Chapter 12, "Using Windows NT Accessory Applications," helps you understand what accessories are available for Windows NT users.

Part V: Networking with Windows NT

Chapter 13, "Understanding Windows NT Network Services," provides detailed information about the different networks compatible with Windows NT. You learn general information about networks and connectivity, as well as the specifics about the different network operating systems and protocols you can use with Windows NT.

Chapter 14, "Configuring the Network at Your Workstation," provides you step-by-step instruction on getting your workstation to talk to a network. You'll find information on network adapters, protocols, and login scripts.

Chapter 15, "Managing Shared Resources," shows you how to control access to the resources on your system, including CD-ROM players, files, directories, and printers.

Chapter 16, "Integrating Windows NT in Novell Environments," shows you how to integrate your Windows NT Workstation into a Novell NetWare LAN/WAN.

Part VI: Going Online with Windows NT Workstation

Chapter 17, "Installing and Configuring a Modem," explains how to add and configure a modem to Windows NT. You also learn about the new Unimodem support added to Windows NT.

Chapter 18, "Using Dial-Up Networking," gives you instruction in connecting Windows NT to remote networks, such as the Internet, or the LAN used at your office.

Chapter 19, "Configuring TCP/IP," is a chapter for anyone who plans to use Windows NT Workstation to work with the Internet. TCP/IP is the network protocol of the Internet, and it also is used to communicate with certain types of other computers. This chapter explains TCP/IP concepts and explains how to configure it.

Chapter 20, "Using Windows NT with the Internet," explains concepts and procedures for another of today's hottest topics: the Internet. This chapter provides you with an overview of the Internet, explains how to find an Internet Service Provider, how to set up Windows NT to connect to the Internet from either your home or office, and then how to establish a connection to the Internet.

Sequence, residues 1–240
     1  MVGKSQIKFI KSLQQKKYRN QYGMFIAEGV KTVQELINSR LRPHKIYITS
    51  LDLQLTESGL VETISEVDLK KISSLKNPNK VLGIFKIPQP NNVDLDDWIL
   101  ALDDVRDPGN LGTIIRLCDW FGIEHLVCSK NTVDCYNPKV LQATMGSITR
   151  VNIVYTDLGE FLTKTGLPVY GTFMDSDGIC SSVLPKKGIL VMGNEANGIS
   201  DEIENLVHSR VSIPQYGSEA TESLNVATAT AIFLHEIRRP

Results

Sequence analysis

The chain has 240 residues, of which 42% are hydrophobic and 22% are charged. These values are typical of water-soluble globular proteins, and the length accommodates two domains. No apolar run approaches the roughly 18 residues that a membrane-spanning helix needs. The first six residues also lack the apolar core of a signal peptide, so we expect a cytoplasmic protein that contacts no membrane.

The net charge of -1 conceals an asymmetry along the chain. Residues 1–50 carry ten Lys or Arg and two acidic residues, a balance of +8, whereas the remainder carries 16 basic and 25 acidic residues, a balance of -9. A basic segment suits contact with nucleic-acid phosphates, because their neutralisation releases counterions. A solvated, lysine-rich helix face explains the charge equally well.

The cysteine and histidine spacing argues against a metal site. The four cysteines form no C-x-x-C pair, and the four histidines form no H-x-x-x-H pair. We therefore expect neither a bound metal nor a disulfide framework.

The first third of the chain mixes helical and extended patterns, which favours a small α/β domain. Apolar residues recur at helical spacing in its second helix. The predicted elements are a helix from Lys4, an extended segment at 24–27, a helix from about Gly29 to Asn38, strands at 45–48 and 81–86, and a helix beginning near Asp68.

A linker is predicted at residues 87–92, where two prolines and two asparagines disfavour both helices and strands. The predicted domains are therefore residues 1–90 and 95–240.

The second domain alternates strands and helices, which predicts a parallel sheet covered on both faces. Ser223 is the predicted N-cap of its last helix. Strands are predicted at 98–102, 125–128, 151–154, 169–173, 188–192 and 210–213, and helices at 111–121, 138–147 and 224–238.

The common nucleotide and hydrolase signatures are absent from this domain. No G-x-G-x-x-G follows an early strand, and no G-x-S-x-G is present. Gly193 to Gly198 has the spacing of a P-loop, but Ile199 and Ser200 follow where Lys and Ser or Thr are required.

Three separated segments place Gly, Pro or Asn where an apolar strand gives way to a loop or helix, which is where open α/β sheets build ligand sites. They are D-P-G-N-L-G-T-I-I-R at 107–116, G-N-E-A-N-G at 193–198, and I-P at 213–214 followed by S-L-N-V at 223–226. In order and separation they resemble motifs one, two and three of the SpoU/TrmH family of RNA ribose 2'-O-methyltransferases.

Chapter 21, "Using Internet Explorer, Mail, and News," shows you how to use the three Internet tools for Windows NT. You'll learn how to integrate the tools with your Windows NT desktop, as well as how to navigate through the Web and Web sites.

Chapter 22, "Using Peer Web Services," focuses on one of the hottest topics in the PC business: intranets. Windows NT Workstation includes features that let workstation systems act as Internet servers for other networked computers. This chapter shows you how to configure Peer Web Services and provide Internet service to other computers.

Chapter 23, "Configuring Windows Messaging Services," explains how to configure and use Exchange. This program lets you send and receive mail with a number of different mail providers, including the Internet and Microsoft Mail.

Chapter 24, "Using Windows Messaging," covers how to receive and send messages using Exchange Client. This chapter prepares you for exchanging messages with all of the mail providers you've configured Exchange Client to work with.

Chapter 25, "Using HyperTerminal," explains how to connect to other online sources; other referring to non-Internet. A number of great online sources of information are available—computer bulletin boards, for example—and this chapter explains how to configure HyperTerminal to connect and talk to these sources.

Part VII: Optimizing and Protecting Windows NT Workstation

Chapter 26, "Understanding Windows NT Architecture," provides you with a review of the internals of Windows NT Workstation. You'll learn how the system runs from the inside out, giving you a better understanding how the operating system works in general.

Chapter 27, "Understanding DDE, OLE, DCOM, and ActiveX," gives you an overview of the newest and most important technologies integrated into Windows NT.

Chapter 28, "Working with the Registry," can help the so-called power user learn how to configure Windows NT Workstation systems using the system registry. The Registry is a special database that stores information about your Windows NT system and the software you install in it.

Chapter 29, "Using the Event Viewer," gives you insight into one of the many powerful system administration tools built into Windows NT Workstation. You learn what system events are recorded in the system log, as well as how to understand the information the event log presents you.

Chapter 30, "Optimizing Windows NT Workstation Performance," explains the factors that impact Windows NT Workstation's performance, the methods and tools to monitor performance of your system, and both strategies and tactics for maintaining and improving its performance.